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Bebop Spoken There

Randy Brecker: "It's still a thrill for me today to stand out front of a big band as the soloist and hear all that sound going on behind you. It brings the best out of me" - (DownBeat June 2019).

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2019 Parliamentary Jazz Awards

The voting is open between now and May 31 to enable site visitors to nominate their choices in the various categories of this year's APPJAG awards which can be done here.
BSH was very proud to be nominated and to win the 2018 Media Award and hope we can have your support again this year.

Today Wednesday May 22

Afternoon

Jazz

Vieux Carré Jazzmen - Cullercoats Crescent Club, 1 Hudleston, Cullercoats NE30 4QS. Tel: 0191 253 0242. 1:00pm. Free admission.

Julija Jacenaite & Alan Law - Jazz Café, Newcastle Arts Centre, Westgate Road, Newcastle NE1 1SG. Tel: 0191 261 5618. 2:00pm. Free. Café Mezzanine (first floor, access via crafts shop).

Evening

Take it to the Bridge - The Globe, Railway Street, Newcastle NE4 7AD. 7:30pm. £1.00.

Blues

Moonshine Sessions - Billy Bootleggers, Nelson St, Newcastle NE1 5AN. 8:30pm. Free.

To the best of our knowledge, details of the above events are correct but may be subject to alteration.

Tuesday, May 13, 2014

CD Review: Felipe Salles - Ugandan Suite

(Review by Steve H).
One of the main reasons I can’t cope with wildlife programmes on TV is the ridiculous corny music that they use to accompany the various shots of a kangaroo feeding its young or a crocodile swallowing a man whole etc..  Well if they were to use a soundtrack like the music found on this album I might begin to reappraise my viewing habits.
The Brazilian Saxophone player Felipe Salles’s Ugandan Suite comprises of five movements each named after an African animal. 
The first movement The Buffalo begins with a flute introduction symbolising the birds encircling overhead the roaming cattle.  Once the horns join in we get the imagery of the rumbling beasts. This track reminded me of the McCoy Tyner Fly With the Wind album of the late 70’s. The next movement to cross our paths is one you are unlikely to forget The Elephant. Here the Baritone Sax represents this enormous creature but the  highlight of this track is the percussion apparently inspired by Ugandan circumcision dance music. We leap into movement three with The Leopard, the start of which is reminiscent of South African Jazz giant Abdullah Ibrahim before finishing in  Rollins' inspired calypso style. The Rhinoceros follows not surprisingly this is the heaviest track on the album; the percussion excels again but the twin tenor playing of Salles and Liebman is quite inspiring. The final movement The Lion does not so much roar in but the sound of rhythmic African drums leads us majestically to the core of the track where the whole ensemble produces a fairly straight ahead jazz track  before the album is drawn to a close with a delicate gentle piano finale.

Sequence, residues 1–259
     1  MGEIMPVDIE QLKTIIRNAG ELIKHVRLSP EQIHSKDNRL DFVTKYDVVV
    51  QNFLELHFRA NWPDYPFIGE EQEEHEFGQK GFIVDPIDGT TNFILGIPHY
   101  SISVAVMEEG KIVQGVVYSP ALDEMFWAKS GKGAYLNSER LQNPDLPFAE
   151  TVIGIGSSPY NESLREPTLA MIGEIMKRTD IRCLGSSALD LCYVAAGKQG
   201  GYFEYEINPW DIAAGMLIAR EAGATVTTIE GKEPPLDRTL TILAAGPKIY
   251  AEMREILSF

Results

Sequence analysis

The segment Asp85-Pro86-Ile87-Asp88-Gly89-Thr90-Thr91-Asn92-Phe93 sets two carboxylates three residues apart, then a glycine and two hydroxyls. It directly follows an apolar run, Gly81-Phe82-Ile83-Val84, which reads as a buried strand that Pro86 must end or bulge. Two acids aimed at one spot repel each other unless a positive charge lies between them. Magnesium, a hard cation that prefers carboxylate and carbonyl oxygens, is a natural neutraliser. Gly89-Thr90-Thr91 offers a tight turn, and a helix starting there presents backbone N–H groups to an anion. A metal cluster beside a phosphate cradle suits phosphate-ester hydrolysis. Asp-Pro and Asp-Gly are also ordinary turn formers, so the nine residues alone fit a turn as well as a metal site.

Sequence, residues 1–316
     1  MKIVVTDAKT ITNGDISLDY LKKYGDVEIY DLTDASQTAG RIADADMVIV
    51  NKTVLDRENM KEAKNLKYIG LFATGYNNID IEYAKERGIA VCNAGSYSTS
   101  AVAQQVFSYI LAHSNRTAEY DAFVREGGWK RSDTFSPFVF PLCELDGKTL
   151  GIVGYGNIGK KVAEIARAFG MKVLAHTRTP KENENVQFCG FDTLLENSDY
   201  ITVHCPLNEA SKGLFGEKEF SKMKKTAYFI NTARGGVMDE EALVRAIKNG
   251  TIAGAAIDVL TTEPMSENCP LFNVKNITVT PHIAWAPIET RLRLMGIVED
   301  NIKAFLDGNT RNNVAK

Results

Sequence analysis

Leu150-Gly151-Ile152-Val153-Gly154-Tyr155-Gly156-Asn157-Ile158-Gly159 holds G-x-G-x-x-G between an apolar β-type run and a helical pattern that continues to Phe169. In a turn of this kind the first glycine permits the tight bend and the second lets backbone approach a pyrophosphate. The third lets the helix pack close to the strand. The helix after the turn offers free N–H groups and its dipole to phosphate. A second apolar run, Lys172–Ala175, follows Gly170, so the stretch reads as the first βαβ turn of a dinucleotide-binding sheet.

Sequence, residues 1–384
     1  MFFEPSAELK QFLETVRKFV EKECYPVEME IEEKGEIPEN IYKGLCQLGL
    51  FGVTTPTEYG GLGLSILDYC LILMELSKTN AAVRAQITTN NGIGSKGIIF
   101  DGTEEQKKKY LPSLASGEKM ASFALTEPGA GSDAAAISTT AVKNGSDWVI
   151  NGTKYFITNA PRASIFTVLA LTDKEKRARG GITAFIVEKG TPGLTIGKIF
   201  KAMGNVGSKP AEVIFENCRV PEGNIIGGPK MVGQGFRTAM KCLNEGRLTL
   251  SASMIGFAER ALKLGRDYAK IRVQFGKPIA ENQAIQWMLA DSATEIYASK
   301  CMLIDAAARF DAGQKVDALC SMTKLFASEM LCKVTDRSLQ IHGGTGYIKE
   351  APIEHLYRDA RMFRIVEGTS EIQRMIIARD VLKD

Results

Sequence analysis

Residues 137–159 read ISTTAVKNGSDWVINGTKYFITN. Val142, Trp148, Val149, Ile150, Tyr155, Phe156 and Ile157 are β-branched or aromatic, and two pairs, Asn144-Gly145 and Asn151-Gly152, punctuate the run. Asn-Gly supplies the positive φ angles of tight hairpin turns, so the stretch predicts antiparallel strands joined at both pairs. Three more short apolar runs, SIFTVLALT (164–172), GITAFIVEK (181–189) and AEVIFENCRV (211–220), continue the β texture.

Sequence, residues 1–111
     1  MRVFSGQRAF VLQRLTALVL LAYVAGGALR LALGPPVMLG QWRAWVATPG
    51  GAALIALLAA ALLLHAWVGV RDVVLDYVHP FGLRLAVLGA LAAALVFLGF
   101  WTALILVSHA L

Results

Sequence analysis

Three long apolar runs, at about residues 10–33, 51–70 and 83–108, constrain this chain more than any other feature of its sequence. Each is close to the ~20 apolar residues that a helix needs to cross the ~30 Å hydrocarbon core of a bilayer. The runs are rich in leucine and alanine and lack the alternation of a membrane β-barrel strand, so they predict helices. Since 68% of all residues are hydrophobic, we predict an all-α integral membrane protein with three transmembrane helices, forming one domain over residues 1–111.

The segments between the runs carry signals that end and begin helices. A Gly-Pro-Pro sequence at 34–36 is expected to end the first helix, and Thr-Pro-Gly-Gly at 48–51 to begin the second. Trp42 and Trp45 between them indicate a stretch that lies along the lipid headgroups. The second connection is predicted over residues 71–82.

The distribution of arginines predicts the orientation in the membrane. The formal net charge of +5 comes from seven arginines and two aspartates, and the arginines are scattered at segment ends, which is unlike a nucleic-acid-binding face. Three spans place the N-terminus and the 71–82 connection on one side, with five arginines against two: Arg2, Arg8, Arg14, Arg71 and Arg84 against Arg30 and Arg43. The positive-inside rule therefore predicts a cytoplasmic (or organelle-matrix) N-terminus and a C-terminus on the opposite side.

This album is a magnificent fusion of Jazz, African and -South American styles. If only ‘Life on Earth’ was really like this.  Are you listening David Attenborough  this is Animal Magic? 
For more info and samples check out this Capri release here.
Steve H.
Felipe Salles; Tenor and Baritone Saxophones, Flutes, Bass Clarinet, Handclaps; David Liebman: Wooden Flute, Soprano and Tenor Saxophones; Damascus Kafumbe: (O)Mugalabe, (E) Ngom'enene, (E) Nduumi, Kadodi, Inemba, Indonyi, Mbuutu, Mpuunyi, Atin Bull, Min Bull, Ngalabi Drums, Ndingidi Tube-Fiddle, Adungu Bow-Harp, Nsaasi Gord Shakers, Madinda Xylophone; Rogerio Boccato: All Other Percussion, (E) Nduumi Drums, Handclaps; Nando Michelin: Piano, Handclaps; Keala Kaumeheiwa: Bass, Handclaps; Bertram Lehmann: Drumset, Atin Bull Drums, Handclaps; Lucas Apostoleris: Handclaps.

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